Dear Swanson Vitamins,
I read your Explanation of the Difference Between L-Carnitine and Acetyl L-Carnitine. There is a new study by the Cleveland Clinic stating that Carnitine may contribute to preventing the body from excreting excess cholesterol.
I regularly take an Acetyl-L-Carnitine + Alpha Lipoic Acid Supplement. My question is: will the Acetyl-L-Carnitine also be damaging, or would that only be the L-Carnitine? Would the Acetyl group prevent the reaction in the gut with the bacteria? This supplement seems to help my cognitive function a great deal and I would like to continue to take it, but do not want to damage my heart.
Thanks very much for any information you may have.
There are multiple animal, as well as human studies, which demonstrate the beneficial effects of L-Carnitine. The results of this study indicate more research is necessary to determine if there is truly a causal link between L-carnitine and cardiovascular risk. With any research, it is possible that further research may change or disprove early conclusions. This study was performed using the diets of the animals, and not carnitine supplements. The researchers themselves stated that one could not conclude that the same study using a carnitine supplement would produce the same results. There are several human scientific research studies over the past several years that contradict the latest study’s findings and support l-carnitine’s beneficial role in supporting cardiovascular health.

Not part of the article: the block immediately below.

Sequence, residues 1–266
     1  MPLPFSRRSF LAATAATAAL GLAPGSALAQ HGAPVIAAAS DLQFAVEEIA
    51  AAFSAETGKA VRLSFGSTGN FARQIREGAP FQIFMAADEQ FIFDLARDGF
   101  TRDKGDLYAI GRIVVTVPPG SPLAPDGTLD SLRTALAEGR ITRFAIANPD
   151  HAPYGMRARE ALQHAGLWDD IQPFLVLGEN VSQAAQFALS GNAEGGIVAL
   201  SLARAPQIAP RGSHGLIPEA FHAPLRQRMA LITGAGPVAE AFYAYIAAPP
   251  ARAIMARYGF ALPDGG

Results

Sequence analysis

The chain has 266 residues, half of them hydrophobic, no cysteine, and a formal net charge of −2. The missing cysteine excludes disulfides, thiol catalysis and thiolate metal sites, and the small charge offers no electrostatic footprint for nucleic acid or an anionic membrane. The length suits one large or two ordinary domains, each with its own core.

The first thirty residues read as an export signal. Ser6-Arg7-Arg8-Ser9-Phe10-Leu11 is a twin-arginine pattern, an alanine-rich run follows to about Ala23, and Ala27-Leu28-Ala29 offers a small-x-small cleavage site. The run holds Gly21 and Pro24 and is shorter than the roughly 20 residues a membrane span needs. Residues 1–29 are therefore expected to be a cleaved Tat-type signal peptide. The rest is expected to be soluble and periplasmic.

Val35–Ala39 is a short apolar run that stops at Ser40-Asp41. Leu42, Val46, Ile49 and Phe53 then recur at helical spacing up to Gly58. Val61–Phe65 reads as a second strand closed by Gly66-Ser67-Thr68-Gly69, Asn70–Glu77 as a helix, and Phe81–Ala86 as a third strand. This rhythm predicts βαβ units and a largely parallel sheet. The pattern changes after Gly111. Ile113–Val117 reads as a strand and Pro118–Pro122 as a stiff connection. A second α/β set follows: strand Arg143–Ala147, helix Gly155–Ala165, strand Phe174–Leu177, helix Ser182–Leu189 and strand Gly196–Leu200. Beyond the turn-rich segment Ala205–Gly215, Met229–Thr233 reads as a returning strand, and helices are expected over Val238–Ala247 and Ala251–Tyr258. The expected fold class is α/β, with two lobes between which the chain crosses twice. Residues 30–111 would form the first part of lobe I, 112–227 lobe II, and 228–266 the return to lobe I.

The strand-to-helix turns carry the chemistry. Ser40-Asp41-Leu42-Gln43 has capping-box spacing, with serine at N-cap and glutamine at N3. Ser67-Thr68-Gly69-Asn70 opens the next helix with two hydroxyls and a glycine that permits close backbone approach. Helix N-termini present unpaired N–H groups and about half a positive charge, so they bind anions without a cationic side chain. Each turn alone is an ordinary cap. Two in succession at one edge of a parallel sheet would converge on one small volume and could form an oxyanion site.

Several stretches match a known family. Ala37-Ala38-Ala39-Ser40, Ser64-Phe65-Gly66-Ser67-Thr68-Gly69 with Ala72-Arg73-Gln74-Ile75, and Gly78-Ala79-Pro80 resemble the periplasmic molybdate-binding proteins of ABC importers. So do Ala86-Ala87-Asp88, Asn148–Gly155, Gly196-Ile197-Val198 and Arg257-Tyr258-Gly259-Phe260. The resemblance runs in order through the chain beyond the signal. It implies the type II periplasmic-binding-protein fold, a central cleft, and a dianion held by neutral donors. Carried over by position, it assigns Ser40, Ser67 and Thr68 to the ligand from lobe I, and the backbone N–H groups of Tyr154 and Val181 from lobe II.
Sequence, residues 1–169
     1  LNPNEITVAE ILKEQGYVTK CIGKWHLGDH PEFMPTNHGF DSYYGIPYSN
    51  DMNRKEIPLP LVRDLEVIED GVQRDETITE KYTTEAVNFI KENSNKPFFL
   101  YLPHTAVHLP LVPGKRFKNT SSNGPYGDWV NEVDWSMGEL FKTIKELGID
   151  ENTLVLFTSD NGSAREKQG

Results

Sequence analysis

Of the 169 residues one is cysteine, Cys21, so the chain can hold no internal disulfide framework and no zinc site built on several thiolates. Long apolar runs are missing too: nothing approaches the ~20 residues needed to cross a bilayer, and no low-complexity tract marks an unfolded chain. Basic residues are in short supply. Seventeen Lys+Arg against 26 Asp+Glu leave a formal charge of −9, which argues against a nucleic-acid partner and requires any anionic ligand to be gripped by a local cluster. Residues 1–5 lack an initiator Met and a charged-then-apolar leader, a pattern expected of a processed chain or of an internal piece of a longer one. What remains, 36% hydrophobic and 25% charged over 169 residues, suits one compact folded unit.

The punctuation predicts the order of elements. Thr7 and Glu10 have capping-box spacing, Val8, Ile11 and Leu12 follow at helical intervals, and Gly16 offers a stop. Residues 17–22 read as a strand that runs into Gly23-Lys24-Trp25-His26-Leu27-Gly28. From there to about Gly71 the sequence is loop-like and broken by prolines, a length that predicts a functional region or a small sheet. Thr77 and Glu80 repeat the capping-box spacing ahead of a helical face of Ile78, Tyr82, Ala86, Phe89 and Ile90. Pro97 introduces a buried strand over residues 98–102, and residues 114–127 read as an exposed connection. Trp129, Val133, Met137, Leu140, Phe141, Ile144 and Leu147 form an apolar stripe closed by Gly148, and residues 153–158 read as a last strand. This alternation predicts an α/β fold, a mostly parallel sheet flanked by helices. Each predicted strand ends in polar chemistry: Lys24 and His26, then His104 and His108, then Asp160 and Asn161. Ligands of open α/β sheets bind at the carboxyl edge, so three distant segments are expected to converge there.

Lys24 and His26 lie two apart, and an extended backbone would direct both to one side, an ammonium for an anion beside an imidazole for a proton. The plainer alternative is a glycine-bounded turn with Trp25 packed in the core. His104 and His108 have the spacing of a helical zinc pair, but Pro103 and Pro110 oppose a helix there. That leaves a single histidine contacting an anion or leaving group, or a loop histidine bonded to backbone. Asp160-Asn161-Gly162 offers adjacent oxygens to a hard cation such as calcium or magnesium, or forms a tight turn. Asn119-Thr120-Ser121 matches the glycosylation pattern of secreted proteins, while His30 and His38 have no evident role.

We should also remember that the human body naturally produces L-Carnitine in addition to obtaining carnitine from the diet, especially red meats and dairy products. It can also synthesize carnitines from the amino acids, lysine and methionine.
In regards to your question about acetyl-L-carnitine, unfortunately we don't have much to add... in the bigger picture, we don't know if it is appropriate to use that one study you mentioned as a cause for concern when there has been numerous other studies that show the safety and benefits of l-carnitine, and at the very least we don’t think that this study sheds any light on how the human body uses acetyl l-carnitine.